# Divine Proportions

2006-06-14T20:44:00Z

I have been skimming through Divine Proportions: Rational Trigonometry to Universal Geometry by Dr. NJ Wildberer. His thesis is that rather than studying distance and angle in plane geometry, one ought to consider what he calls quadrance and spread. Quadrance corresponds to distance squared, and the spread of two lines is corresponds to the sine squared of the angle between the lines. It is important to note that the spread is defined between lines rather than between rays sharing their end-points. This means that there is no notion acute and obtuse spreads.

This notion of geometry is independent of order, so there can’t be rays or line segments. This means that triangles—defined as a set of three non-collinear points—are represented by lines rather than line segments. Without order, and without trigonometric functions, one can now do geometry over any field. For example, you can make a triangle in ℤ13 through the points (2, 8), (9, 9), and (10, 0).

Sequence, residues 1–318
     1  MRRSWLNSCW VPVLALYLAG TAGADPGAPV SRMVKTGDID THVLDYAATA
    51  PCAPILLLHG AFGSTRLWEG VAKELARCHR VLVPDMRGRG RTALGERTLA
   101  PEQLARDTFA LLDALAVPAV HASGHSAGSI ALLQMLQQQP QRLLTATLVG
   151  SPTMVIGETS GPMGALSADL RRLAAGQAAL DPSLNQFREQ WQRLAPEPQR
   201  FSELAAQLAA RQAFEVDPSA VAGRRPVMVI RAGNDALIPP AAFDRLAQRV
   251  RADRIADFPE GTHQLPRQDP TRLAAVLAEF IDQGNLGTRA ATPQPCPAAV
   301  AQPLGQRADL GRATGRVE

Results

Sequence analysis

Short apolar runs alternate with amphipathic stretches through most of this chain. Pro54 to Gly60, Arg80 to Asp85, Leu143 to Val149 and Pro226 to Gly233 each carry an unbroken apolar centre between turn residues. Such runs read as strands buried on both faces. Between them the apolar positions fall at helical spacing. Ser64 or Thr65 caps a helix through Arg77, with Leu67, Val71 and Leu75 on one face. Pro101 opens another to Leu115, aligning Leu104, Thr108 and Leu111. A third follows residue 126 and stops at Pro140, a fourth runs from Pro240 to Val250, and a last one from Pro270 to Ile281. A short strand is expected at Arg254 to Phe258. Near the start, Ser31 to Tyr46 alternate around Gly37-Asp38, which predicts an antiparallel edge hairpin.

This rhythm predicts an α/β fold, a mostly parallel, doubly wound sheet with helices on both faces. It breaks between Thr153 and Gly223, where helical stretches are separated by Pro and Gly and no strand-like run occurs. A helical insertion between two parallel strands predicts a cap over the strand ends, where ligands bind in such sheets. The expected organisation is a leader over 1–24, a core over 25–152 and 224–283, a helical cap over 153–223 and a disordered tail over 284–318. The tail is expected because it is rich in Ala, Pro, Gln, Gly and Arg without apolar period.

One interesting consequence of this is the existence of null lines when X2 + 1 splits in the field—in other words there are square roots of −1. These null lines are perpendicular to themselves. For example, (X − 5)(X − 8) = X2 + 1 in ℤ13. The line 3x + 2y + 1 = 0 is a null line in ℤ13.

These null lines feel like lines on a light-cone in Minkowski space-time. Many theorems have to avoid null lines.

The book also goes on to talk about regular polygons, spherical coordinates usings spreads instead of angles, and conics such as y2 = 4x in ℤ11.

I think this would be a nice way of formalizing geometry in a proof assistant.

I wrote a small Haskell program to recreate the figures found in this book.Unfortunately, I can’t use `OBJECT` elements to embed SVG into posts.

## Tags

Russell O’Connor: contact me